The human eye is sensitive to visible light in the section of the spectrum where colours are seen such as from violet, indigo, blue, green, yellow, orange and red light. Blue Light has a very short wavelength, and so produces a higher amount of energy—enough to naturally penetrate all the way to the back of the eye, through the eyes’ natural filters.
Sunlight is the primary source of Blue Light, though in reality, most people get very limited exposure to sunlight these days. The section of the spectrum is actually very important and necessary for our body as Blue Light makes up the Sleep/Wake/Memory cycles.
But there are also the damaging effects of Blue Light from digital devices. The time people now spend staring at phones or tablets can have a harmful effect on sleep patterns and a possible long-term impact on eye health.
Most people cannot last a day without using some form of digital device. We have more digital tools at our disposal than ever before, and even new smart TVs and low energy LED lighting also all emit Blue Light, adding to the compounding effects of exposure.
According to one American study, children and teenagers aged 8-18 were found to spend more than seven hours a day consuming electronic media, whilst 65% of adults spent more than five hours a day using a device.
To protect the eye, macular carotenoids such as Lutein and Zeaxanthin play a role in the protection of the retina against light-induced damage by increasing macular pigment density.
Epidemiological studies provide pivotal evidence that increasing lutein and zeaxanthin in the diet demonstrates a lower risk for age-related macular degeneration by deposition of the carotenoids into these tissues.
Protecting ocular tissue against photo-oxidative damage from Blue Light by these carotenoids acts in two ways: first as filters blocking the damaging Blue Light, and second as antioxidants specific to the eye. The macula and retina in the eye contains about three times higher concentrations of lutein and zeaxanthin than the average levels in other tissues.
Lutein is naturally present in mother’s milk, indicating a protective action of the eye in infants. This is particularly important as infants cannot down-regulate blood flow to the retina as well as adults. Therefore, blood vessels deliver excess oxygen to the retina which favours the generation of damaging free radicals.
As well as improving macular pigment density, and reducing effects of Blue Light exposure, lutein also reduces glare recovery from light and supports contrast sensitivity in the eye which helps with eyestrain.
Now special glare-reducing anti-reflective coatings used in eyewear can help block Blue Light from both natural sunlight and digital devices. Apps and functions on smartphones can be applied to devices to reduce the amount of Blue Light emitted by a screen. Numerous complementary medicine brands also have supplements which can be taken to help lutein andzeaxanthin intakes.
Over the last 20 years a great deal of scientific research has been conducted on the effects of visible light on the suppression of melatonin production. Melatonin is the hormone secreted by the pineal gland in the brain which maintains the body's circadian rhythm. This is the internal 24-hour 'body clock' that plays a critical role in when we fall asleep and when we wake up.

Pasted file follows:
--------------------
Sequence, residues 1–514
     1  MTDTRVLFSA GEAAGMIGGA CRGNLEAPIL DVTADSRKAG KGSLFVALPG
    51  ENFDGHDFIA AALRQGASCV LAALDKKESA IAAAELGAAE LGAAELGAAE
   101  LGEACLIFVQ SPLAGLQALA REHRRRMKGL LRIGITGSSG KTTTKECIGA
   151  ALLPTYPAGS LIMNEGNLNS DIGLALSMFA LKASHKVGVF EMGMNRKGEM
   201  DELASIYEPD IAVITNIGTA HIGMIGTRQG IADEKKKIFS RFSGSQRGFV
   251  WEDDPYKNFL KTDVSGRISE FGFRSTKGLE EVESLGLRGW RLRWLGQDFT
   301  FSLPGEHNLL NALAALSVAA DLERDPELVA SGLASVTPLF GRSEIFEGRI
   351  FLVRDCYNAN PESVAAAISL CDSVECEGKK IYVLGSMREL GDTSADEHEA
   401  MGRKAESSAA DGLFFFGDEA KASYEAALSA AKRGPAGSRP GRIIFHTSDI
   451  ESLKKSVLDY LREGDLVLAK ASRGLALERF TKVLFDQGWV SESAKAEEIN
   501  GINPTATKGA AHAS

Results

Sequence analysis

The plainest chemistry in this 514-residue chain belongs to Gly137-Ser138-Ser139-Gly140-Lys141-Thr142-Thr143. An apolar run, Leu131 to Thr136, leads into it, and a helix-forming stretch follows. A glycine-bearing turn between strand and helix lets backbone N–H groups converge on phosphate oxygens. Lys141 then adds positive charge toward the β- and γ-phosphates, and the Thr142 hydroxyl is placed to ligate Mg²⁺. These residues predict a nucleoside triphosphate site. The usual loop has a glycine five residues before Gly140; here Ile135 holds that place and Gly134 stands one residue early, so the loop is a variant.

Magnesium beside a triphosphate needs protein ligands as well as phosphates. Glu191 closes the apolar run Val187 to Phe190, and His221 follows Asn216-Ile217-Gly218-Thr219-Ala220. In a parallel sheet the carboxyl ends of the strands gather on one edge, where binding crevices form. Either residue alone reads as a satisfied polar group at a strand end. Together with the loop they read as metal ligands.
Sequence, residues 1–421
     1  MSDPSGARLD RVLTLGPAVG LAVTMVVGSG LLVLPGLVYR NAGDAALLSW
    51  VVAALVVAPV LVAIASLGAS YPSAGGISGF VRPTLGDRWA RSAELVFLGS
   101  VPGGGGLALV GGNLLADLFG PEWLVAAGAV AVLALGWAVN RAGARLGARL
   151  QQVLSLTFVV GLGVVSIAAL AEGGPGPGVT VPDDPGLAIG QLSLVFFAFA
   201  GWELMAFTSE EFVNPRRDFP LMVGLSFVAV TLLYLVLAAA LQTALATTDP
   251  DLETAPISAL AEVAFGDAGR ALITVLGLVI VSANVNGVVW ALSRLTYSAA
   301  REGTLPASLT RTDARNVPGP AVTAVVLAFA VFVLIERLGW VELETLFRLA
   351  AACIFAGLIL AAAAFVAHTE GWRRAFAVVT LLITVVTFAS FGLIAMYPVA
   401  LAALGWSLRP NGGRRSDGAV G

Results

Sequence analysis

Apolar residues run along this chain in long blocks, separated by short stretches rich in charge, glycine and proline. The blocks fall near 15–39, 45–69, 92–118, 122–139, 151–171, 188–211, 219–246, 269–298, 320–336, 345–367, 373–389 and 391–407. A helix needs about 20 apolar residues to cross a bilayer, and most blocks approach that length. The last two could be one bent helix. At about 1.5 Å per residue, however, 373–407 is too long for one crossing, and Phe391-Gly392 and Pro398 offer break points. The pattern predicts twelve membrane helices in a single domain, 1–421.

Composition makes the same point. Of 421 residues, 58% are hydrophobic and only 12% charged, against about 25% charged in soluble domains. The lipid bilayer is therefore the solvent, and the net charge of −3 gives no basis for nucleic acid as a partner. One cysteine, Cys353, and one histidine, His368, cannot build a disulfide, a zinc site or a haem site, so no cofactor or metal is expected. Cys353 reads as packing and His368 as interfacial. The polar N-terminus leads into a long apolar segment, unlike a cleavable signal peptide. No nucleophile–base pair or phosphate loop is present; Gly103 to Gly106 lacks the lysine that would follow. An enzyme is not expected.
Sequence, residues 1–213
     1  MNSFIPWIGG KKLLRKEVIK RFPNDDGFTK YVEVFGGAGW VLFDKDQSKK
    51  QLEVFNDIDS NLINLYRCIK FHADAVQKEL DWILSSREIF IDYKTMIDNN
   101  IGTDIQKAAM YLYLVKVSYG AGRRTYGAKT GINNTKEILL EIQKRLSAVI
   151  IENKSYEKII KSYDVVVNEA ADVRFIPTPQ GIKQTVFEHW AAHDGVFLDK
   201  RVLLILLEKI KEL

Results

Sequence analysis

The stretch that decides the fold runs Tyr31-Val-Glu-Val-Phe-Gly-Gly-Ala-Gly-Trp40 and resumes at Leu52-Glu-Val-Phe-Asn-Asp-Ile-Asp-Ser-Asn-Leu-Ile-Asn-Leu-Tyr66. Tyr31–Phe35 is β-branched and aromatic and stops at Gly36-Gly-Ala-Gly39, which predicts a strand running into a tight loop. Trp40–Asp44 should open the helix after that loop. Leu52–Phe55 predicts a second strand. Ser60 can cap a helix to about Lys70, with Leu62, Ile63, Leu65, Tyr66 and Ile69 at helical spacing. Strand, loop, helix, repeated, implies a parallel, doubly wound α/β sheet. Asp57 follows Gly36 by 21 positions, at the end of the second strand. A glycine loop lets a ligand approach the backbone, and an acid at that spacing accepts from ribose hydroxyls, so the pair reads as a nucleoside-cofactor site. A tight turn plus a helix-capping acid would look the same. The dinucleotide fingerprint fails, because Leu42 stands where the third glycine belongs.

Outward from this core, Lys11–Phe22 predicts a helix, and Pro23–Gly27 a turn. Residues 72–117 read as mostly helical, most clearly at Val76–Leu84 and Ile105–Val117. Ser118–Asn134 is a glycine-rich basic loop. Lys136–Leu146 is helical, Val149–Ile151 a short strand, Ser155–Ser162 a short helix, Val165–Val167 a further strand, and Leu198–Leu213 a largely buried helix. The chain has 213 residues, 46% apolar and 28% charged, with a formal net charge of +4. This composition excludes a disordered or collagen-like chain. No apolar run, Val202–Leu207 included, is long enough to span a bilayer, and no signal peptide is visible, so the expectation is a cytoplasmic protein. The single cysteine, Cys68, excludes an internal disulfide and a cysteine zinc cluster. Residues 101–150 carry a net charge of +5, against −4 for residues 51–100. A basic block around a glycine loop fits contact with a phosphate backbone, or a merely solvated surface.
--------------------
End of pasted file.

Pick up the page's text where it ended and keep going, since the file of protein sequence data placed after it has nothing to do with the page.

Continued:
Research is showing that there is differential sensitivity of the circadian system to different light wavelengths, and that melatonin suppression is more sensitive to shorter high-energy wavelength light (such as Blue Light) than longer wavelengths which have less energy.
Studies conducted on various wavelengths of light, including red, amber, green and blue, examining their ability to suppress melatonin production showed that the shorter wavelengths of Blue Light has the greatest melatonin suppression by up to 81%.
Other studies showed that, when compared with dim light, exposure to standard room light during the night suppressed melatonin by almost 85%. Therefore people may have difficulty getting to sleep and staying asleep due to ‘light exposure’ from night lamps. Insomnia in adults has been linked to an increase in depression, diabetes and cardiovascular conditions.
These results are hardly surprising as Blue Light wavelengths conversely boost attention, reaction times, and mood — thus are required during daylight hours when we are more active and when sunlight is available.
Interestingly, researchers at Harvard University have also been investigating the effects of Blue Light in comparison to Green Light. The study found that Blue Light suppressed melatonin for almost twice as long as the Green Light and affected the circadian rhythms for double the time period.
Other studies have found that blue wavelengths of light also suppress delta brainwaves, which induce sleep, and boost alpha wavelengths, which induces alertness.
In order to reduce the problematic effects on sleep we need to avoid any exposure to Blue Light for up to 60 minutes prior to bed. To do this people need to turn off their TV, tablets, computers and smartphones. The surrounding environment also needs to be dimly lit so that the body is encouraged to naturally start producing the melatonin it needs to fall asleep.
- Gulhan Demirci has been the technical and regulatory manager at Caruso’s Natural Health for over 10 years. She has developed over 200 supplements, creams and food products for the company.